I heard Thomas Moore, author of ‘Care of the Soul’ speak in SoCal several years ago. He said that sometimes when he and his wife get a windfall, they’ll purchase a work of art rather than something ‘sensible’ like a new dishwasher. Mrs. Moore will ask of a crafted item, “Where’s the hand?”, wanting to see the mark made by a person, the imperfection that means that it wasn’t made by a machine. It is said that all Islamic artists make a deliberate error in their work on the grounds that Only God Is Perfect.
What’s this preamble leading up to? I’m very excited about a new piece of work I finished on Friday evening in my ongoing explorations of image, light and translucence. I made this ambient light source from rice paper, one of my South Bank photographs and a haiku.
I’d been thinking about it for a few weeks – how it will look, where I’ll photograph it, the apartment/boutique hotel on the South Bank which it will grace. I ordered some Chinese rice paper from Germany which finally arrived on Wednesday. Doesn’t the post seem to take longer when you’re waiting for supplies? I also picked up my Golden acrylic gel medium (too big to put through the mail slot) from the Post Office on Friday. I constructed the piece late on Friday afternoon and had such a good time while I was making it. Sometimes when I make new work, I encounter problems to be solved or unforeseen tangents, but this light came together beautifully.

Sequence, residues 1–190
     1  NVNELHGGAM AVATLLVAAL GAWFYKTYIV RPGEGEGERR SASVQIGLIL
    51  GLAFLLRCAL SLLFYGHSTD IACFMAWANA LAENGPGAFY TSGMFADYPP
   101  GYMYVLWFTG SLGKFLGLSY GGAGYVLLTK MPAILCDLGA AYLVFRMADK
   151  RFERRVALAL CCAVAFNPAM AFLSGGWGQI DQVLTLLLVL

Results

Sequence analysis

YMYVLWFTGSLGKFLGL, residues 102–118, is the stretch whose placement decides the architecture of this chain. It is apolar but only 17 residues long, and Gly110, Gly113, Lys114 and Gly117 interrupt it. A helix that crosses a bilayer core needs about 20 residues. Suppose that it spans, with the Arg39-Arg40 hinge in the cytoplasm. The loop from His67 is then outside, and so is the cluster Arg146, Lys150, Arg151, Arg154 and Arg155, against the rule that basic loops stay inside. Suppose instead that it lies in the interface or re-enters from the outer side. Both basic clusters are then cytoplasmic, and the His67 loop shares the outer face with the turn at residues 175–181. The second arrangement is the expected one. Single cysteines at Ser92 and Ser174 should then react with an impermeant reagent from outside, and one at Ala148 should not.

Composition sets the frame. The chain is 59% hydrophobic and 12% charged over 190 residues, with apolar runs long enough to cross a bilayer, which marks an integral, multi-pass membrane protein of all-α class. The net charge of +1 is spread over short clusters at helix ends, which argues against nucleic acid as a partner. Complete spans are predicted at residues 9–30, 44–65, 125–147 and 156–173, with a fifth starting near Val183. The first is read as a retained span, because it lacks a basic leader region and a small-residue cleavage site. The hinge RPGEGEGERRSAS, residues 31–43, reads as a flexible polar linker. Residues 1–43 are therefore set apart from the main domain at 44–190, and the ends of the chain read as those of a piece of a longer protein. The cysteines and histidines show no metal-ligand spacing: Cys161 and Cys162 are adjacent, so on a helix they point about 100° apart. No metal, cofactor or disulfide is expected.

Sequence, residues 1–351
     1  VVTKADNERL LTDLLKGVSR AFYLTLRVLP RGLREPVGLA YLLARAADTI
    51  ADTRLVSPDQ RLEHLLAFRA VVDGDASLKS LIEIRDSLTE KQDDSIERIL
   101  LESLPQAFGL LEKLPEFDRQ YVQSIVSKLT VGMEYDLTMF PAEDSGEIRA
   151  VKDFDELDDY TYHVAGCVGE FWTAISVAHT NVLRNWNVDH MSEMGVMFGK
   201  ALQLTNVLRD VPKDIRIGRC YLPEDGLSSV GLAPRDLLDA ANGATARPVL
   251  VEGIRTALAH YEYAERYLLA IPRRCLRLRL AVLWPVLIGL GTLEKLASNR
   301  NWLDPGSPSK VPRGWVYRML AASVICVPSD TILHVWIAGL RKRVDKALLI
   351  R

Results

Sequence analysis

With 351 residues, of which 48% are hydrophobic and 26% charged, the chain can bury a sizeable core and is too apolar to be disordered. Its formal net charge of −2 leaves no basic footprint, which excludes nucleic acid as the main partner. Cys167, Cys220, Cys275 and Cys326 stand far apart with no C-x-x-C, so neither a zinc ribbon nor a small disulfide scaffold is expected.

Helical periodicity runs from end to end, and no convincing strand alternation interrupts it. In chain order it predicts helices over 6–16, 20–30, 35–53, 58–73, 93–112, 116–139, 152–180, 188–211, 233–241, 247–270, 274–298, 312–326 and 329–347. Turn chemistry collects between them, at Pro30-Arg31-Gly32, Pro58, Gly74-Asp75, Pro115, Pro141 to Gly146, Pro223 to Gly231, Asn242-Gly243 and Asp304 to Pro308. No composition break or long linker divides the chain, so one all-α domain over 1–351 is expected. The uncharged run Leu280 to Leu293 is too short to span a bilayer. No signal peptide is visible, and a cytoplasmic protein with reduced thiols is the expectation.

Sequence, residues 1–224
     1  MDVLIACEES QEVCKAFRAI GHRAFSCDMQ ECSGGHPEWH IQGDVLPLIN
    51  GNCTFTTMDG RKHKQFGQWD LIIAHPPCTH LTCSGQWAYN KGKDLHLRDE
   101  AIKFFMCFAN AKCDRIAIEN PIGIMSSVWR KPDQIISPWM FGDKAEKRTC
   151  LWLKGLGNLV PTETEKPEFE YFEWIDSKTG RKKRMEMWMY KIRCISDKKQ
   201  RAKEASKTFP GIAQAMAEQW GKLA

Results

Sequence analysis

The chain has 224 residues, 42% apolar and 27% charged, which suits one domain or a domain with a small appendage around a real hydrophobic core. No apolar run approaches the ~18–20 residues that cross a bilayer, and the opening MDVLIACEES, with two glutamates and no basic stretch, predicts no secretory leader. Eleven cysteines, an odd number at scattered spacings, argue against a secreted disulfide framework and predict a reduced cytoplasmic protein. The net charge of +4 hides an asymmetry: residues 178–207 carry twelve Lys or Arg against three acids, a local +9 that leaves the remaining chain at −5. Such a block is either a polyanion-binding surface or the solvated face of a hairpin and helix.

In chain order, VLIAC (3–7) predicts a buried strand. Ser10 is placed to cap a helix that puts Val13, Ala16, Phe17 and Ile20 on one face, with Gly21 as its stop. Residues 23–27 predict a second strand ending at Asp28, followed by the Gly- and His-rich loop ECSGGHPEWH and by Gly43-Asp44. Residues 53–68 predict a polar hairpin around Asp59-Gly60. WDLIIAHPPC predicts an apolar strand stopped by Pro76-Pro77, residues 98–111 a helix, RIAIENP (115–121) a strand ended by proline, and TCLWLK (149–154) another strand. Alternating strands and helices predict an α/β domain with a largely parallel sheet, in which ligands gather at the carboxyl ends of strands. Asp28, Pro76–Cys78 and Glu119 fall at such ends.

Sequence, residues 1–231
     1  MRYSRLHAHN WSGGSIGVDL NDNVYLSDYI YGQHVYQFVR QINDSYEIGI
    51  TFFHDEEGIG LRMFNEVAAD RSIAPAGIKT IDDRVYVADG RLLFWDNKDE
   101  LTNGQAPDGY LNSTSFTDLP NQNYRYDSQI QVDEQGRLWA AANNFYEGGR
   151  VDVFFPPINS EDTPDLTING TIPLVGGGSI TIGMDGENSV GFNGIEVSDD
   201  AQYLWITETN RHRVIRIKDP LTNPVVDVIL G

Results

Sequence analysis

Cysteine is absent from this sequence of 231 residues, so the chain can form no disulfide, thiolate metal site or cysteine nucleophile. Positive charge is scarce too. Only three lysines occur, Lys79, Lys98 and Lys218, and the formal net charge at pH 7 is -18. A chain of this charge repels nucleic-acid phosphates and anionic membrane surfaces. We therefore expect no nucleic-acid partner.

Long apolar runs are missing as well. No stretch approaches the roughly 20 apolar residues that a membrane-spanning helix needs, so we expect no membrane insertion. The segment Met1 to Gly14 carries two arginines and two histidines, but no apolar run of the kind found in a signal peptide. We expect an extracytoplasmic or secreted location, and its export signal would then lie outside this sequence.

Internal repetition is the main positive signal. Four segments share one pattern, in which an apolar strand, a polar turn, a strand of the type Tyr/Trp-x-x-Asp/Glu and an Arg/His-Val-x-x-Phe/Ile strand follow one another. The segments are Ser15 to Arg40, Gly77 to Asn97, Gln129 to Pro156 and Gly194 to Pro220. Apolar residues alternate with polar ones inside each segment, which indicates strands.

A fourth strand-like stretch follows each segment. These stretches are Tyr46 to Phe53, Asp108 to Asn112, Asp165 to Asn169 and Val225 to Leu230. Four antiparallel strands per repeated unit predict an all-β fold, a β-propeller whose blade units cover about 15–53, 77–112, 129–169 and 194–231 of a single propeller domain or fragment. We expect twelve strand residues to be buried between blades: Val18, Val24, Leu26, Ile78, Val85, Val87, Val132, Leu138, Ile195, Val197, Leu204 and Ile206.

I wasn’t sure how the opposite vertical edges of the image would come together at the join. When I got to that point, I decided to place the haiku going down the middle of the piece. I love how the diagonal lines in the photograph dovetail on either side.
I also love how it changes in different lights.
The haiku –
The hand comes into it when I had to splice in one of the Dolphin lamp posts which been cropped off when I printed my photo onto the rice paper. These cast iron, globe topped lights are so iconic to the South Bank that I could not leave it chopped off!
I’m currently in Devon Open Studios and have placed my Suncast Shadows light in my studio, reflected in a mirror so that visitors can catch a glimpse when they pass and can go in for a closer look. Then I draw the shade and turn off all of the other lights so people can see how it glows in a dark room.